The U.S. State Department on Tuesday reiterated its rejection of ousted prime minister Imran Khan’s allegations of instigating a regime change in Pakistan through a “foreign conspiracy,” describing it as “propaganda” and outright lies.
“We are not going to let propaganda, misinformation, and disinformation—lies—get in the way of any bilateral relationship we have, including with the bilateral relationship we have with Pakistan, one we value,” said spokesperson Ned Price during a regular press briefing while responding to a question on whether Khan’s ongoing tirades could impact the diplomatic relationship between Pakistan and the U.S.
Khan was ousted as prime minister through a vote of no-confidence last month, with Shehbaz Sharif being elected as his replacement by the Lower House of Parliament. Since March 27—when he addressed a rally in Islamabad—the Pakistan Tehreek-e-Insaf (PTI) chairman has been repeatedly accusing the U.S. of being responsible for his ouster. Citing a diplomatic cable, which he initially described as a “threat letter,” Khan has alleged that Washington had warned Pakistan of “consequences” if he were not removed from office.
Despite the PTI’s claims, however, Pakistan’s security establishment has repeatedly stressed that the diplomatic cable did not contain any evidence of a “foreign conspiracy.” Two separate meetings of the National Security Committee—one chaired by Khan and another by Sharif—have noted that while the cable suggested “blatant interference” in Pakistan’s affairs and merited a demarche, it did not contain any material that pointed to any conspiracy. The ousted prime minister, however, has continued the narrative in various speeches since his ouster, with analysts suggesting it is a bid to shore up his support by tapping into the anti-American sentiment prevalent among the Pakistani population.
Both the U.S. State Department and the White House, in separate statements, have repeatedly denied the allegations.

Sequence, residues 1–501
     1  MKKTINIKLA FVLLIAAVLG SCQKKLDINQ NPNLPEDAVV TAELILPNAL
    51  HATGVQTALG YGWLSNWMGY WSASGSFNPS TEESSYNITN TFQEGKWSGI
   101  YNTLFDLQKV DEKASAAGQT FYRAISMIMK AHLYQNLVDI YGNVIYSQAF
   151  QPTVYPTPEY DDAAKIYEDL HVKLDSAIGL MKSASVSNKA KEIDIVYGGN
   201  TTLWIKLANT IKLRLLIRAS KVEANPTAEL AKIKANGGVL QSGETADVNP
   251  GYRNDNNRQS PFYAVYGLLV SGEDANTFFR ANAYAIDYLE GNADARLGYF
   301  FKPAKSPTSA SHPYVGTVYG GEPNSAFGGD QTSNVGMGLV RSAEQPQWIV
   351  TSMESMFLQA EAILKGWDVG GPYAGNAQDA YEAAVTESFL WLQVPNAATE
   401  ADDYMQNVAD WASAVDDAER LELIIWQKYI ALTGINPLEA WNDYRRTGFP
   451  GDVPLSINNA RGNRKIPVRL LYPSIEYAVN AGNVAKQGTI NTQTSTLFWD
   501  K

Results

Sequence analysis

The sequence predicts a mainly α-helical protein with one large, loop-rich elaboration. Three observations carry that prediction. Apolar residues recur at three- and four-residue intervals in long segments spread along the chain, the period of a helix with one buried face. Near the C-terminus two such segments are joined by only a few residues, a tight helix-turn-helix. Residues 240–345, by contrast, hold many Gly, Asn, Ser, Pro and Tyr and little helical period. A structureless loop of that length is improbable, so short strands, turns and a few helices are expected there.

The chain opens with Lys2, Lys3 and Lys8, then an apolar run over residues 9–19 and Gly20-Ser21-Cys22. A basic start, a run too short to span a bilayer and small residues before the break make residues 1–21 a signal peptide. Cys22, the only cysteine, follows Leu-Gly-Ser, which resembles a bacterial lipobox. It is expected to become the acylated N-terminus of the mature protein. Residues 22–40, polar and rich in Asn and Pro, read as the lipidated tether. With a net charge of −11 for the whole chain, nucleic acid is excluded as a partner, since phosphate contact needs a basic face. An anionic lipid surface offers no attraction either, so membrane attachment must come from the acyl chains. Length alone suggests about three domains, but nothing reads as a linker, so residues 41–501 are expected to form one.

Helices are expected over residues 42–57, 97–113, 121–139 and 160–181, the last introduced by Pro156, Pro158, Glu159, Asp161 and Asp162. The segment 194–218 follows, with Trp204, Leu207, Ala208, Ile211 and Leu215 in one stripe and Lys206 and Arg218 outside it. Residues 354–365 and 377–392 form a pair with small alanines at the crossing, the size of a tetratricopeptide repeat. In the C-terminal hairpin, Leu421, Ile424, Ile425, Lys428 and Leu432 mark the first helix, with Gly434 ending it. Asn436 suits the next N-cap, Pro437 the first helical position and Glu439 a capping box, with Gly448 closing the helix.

During Tuesday’s briefing, Price was also asked about a phone call between Foreign Minister Bilawal Bhutto-Zardari and Secretary of State Antony Blinken. The spokesperson said he could not confirm any bilateral meetings between the two during an upcoming food security summit, but noted the two had discussed the 75th anniversary of U.S.-Pakistani relations and means by which their cooperation could be strengthened in future.
“It is a broad-based bilateral relationship. The secretary underscored the resolute U.S.-Pakistan commitment to Afghan stability and to combating terrorism as well. They also discussed ongoing engagement when it comes to our economic ties, trade and investment, climate, energy, health, and education,” he said, adding that he expected them to follow-up on their discussions in future.
To another question on whether the U.S. and Pakistan planned to continue their education exchange relationship, he said: “Our educational exchange program, whether it’s with Pakistan, whether it’s with any other country, it’s a core element of our people-to-people ties. We’ve been fortunate to have Pakistanis studying here in this country. We have American students who’ve had the opportunity to study in Pakistan. Those types of exchanges are always helpful, are always valuable as we seek to understand our partners and, as Americans, seek to better understand the world, and as we have other countries better understand America.”